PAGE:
From: Rob Dixon <rob.dixon@xxxxxxx>
> Jenda Krynicky wrote:
> > From: "Dr.Ruud" <rvtol+news@xxxxxxxxxxxx>
> >> "Jenda Krynicky" schreef:
> >>> Rob Dixon:
> >>>> local $" = ',';
> >>>> print "@array\n";
> >>> print join(',', @array), "\n";
> >> is much cleaner and safer. Leave $" alone.
> >> I don't agree. It is totally fine to use a local-ed $", if it is inside
> >> a minimal block.
> > Is it? What if the array you're gonna print is tie()d? Maybe it is
> > not now, but what if it becomes later? To share the array between
> > threads/processes, to store it on disk, to ...
> > If there was no simple and clear way to print the array with a
> > specific delimiter, I'd say go ahead. But there is. A way that's much
> > easier to understand. Without having to know about an obscure builtin
> > variable that affects the way arrays are interpolated into strings.
> A program with arrays that are tied in one place and not in another has bigger
> problems than this anyway.
I'm not talking about the program having one array tied and not tied
in various places. I'm talking about a program that evolves so that
an array that wasn't tied in the first version, is tied in a later
one. Because it grew too big to fit in memory, because you started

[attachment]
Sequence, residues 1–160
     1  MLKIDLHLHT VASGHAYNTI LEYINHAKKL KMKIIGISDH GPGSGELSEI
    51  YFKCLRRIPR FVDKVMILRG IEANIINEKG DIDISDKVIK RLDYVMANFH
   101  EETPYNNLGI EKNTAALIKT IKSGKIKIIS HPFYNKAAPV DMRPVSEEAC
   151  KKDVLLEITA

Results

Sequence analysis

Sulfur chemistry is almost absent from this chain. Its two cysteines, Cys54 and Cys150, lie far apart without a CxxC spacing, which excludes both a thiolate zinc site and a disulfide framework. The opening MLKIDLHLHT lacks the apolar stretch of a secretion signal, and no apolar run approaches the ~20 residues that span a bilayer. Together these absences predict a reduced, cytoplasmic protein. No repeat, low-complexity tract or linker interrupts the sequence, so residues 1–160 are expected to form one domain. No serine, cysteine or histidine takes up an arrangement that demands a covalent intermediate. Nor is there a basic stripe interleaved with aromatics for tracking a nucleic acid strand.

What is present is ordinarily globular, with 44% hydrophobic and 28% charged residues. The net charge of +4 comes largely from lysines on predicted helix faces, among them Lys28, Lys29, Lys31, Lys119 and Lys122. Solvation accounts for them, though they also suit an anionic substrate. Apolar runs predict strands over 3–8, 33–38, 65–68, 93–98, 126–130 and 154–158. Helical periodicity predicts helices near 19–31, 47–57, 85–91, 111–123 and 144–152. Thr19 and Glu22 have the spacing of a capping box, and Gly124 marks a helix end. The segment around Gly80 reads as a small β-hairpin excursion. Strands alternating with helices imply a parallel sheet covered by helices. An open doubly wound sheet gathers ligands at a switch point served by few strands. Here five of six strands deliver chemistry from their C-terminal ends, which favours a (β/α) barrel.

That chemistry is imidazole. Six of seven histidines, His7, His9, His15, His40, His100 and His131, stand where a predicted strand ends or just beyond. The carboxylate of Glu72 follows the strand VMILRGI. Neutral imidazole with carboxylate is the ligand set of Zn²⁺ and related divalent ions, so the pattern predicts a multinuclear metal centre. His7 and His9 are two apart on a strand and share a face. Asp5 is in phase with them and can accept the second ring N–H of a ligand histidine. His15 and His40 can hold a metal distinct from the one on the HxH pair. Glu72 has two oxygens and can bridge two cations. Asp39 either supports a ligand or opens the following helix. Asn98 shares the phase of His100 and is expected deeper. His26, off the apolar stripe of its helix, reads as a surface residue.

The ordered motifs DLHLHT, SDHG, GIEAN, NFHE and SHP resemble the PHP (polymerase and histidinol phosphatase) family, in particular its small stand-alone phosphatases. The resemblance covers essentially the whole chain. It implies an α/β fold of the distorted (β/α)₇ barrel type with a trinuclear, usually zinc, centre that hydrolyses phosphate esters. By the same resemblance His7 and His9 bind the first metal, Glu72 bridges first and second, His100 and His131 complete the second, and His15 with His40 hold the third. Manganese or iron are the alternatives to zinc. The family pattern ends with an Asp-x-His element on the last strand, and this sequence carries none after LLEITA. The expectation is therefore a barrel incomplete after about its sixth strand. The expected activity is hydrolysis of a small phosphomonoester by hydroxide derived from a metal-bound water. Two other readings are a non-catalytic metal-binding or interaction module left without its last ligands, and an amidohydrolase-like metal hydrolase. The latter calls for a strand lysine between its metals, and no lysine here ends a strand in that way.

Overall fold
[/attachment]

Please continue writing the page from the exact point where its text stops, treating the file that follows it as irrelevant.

using several threads/processes, because ....
> But I don't see a problem with using $" with tied
> arrays, unless the tied class happens to overload stringification.
Nope. Unless the tied class interpolates an array into a string
expecting to get the elements separated by spaces somewhere in the
methods invoked by reading the whole array. Or any of the functions
used in the methods does.
> print join(',', @array), "\n";
> is a lot noisier and IMO clumsier than
> local $" = ',';
> print "@array\n";
> and after all, even if you don't know what $" does it's very simple to look it
> up and also easy to remember.
31 characters with no special variables vs. at least 42 chars with
one special variable affecting another statement?
"Print the @array joined by commas and a newline." vs "Start a block.
In this block the items of any array interpolated into a string are
to be separated by commas. Now print the @array interpolated into a
string (viz above) followed by a newline. And now please forget we
changed the way arrays are interpolated in string."
Sure you can look up $", but why? The join() is clear without looking
And assuming Perl 5.10 we might even be comparing
say join(',', @array);
local $" = ',';
I wonder how long would it take before someone decides that the
quotes are not needed and changes that to
local $" = ',';
===== Jenda@xxxxxxxxxxx === http://Jenda.Krynicky.cz =====
When it comes to wine, women and song, wizards are allowed
to get drunk and croon as much as they like.
-- Terry Pratchett in Sourcery